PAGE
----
Max Eider

Disaffection

by John Bergstrom

7 April 2011

 
cover art

Max Eider

Disaffection

(Tundraducks)
US: 12 Oct 2010
UK: 11 Oct 2010

Never underestimate the power of good ol’ guitar pop. Right from his early days with UK indie-pub rockers the Jazz Butcher, Max Eider established himself as a master of clean, hollow-body, jazz-influenced guitar lines. On his fourth solo album, he’s hardly changed his style a bit, and that’s a pleasure.

Disaffection, apparently borne of Eider’s struggles with depression, is understandably mellow. Only the opener “Nice Guy” kicks up much dust, but that’s fine. With his smart, sometimes biting lyrics and agreeable voice, Eider can wallow in his middle age. At its best, as on the thoughtful “The Black Dog” and organ-padded “Dancing With Andromeda”, Disaffection is downright sublime. Score one for the old school.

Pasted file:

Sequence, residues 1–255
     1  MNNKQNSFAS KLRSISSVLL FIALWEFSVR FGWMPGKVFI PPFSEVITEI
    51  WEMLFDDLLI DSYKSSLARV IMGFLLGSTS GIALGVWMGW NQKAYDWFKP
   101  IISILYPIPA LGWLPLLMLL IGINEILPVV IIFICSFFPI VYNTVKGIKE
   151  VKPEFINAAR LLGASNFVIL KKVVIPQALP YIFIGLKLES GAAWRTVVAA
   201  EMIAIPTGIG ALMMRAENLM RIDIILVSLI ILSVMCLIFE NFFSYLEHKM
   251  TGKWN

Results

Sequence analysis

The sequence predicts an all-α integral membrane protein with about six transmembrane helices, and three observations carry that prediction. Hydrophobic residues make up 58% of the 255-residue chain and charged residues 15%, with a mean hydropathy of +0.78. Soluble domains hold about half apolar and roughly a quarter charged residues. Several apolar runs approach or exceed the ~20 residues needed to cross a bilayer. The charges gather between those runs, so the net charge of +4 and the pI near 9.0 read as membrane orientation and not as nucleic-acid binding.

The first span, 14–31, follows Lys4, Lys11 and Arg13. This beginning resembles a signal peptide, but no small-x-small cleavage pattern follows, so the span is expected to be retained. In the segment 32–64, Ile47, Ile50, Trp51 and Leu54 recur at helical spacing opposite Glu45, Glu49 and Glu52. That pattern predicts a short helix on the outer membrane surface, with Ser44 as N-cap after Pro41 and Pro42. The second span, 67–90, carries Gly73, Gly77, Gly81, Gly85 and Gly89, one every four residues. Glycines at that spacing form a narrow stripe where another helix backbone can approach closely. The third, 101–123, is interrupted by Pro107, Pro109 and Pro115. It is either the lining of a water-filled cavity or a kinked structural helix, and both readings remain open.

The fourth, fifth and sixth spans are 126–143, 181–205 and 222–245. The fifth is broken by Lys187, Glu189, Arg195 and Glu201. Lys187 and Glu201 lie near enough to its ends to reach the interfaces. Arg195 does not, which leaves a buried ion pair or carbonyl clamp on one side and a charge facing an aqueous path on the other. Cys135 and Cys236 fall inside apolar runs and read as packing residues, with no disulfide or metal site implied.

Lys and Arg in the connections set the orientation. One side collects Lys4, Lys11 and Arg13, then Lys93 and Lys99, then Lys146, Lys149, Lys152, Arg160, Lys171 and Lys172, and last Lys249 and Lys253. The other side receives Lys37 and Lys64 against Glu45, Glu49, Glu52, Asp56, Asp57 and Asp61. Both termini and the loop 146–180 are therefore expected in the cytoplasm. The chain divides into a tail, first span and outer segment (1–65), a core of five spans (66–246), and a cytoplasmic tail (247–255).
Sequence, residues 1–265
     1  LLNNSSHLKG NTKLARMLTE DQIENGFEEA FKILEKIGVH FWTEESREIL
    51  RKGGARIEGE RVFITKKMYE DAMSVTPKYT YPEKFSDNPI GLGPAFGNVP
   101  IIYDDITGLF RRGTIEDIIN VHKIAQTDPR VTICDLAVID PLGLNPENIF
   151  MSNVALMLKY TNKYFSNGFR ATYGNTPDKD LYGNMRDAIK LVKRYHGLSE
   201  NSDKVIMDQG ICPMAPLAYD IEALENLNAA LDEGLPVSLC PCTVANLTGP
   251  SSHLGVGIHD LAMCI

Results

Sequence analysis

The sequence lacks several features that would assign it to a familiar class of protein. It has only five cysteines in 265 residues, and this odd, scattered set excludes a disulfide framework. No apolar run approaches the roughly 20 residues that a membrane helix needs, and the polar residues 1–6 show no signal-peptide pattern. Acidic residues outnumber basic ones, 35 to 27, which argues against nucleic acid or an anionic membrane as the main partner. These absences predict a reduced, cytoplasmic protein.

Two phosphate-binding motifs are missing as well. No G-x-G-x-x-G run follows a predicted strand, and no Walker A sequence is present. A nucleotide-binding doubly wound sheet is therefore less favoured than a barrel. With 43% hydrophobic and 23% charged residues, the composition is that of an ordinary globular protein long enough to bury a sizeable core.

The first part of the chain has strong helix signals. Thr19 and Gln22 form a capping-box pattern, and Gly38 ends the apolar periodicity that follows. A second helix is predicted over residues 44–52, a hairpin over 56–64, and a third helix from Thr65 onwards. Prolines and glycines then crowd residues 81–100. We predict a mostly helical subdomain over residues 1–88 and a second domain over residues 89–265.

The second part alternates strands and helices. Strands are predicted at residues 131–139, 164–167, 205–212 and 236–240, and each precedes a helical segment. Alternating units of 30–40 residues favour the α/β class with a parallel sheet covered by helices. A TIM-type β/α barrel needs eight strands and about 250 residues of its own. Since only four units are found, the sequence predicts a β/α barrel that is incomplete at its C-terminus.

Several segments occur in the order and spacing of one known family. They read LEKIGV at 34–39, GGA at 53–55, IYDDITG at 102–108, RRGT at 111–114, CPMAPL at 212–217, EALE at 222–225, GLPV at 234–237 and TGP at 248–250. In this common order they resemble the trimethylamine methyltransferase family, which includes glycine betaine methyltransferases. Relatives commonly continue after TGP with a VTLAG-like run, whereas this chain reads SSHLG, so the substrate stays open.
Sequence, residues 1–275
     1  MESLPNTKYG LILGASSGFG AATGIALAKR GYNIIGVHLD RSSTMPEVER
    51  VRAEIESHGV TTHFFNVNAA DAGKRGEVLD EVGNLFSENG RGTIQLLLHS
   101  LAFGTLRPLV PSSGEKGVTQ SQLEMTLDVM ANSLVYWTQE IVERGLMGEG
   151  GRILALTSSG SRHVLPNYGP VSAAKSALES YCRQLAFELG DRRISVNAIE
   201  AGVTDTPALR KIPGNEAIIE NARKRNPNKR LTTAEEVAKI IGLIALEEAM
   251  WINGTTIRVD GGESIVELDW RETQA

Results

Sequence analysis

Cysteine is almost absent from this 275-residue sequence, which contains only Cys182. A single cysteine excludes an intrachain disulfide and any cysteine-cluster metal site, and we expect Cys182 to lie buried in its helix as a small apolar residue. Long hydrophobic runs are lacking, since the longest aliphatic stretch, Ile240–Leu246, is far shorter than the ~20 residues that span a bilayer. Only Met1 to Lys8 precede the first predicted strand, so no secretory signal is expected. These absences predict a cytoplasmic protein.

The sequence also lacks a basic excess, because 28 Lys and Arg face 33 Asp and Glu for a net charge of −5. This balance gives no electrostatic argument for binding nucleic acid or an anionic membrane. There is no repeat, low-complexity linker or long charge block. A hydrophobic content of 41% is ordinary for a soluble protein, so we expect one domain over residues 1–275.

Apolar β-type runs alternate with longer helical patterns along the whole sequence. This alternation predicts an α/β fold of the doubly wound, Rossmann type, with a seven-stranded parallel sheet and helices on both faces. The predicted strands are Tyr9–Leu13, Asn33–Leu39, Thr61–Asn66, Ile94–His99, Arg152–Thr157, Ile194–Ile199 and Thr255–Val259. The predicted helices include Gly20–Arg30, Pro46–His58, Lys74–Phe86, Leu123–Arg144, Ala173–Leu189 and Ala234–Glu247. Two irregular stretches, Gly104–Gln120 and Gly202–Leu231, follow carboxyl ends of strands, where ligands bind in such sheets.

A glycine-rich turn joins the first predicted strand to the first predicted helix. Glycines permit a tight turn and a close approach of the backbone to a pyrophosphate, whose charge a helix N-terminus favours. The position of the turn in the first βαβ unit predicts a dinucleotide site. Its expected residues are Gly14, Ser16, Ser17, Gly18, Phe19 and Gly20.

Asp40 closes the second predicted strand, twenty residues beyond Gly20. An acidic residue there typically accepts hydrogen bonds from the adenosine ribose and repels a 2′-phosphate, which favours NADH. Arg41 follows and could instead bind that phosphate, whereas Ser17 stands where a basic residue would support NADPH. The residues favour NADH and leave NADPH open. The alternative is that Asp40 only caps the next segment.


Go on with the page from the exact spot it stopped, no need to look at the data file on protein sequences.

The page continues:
Disaffection

Rating:

 

We all know how critical it is to keep independent voices alive and strong online. Please consider a donation to support our work as an independent publisher devoted to the arts and humanities. Your donation will help PopMatters stay viable through these changing and challenging times where advertising no longer covers our costs. We need your help to keep PopMatters publishing. Thank you.

 


//comments
//Mixed media
//Blogs

20 Questions: Nashville Singer-Songwriter Natalie Hemby

// Sound Affects

"Natalie Hemby's Puxico is a standout debut from a songwriter who has been behind the scenes for over a decade.

READ the article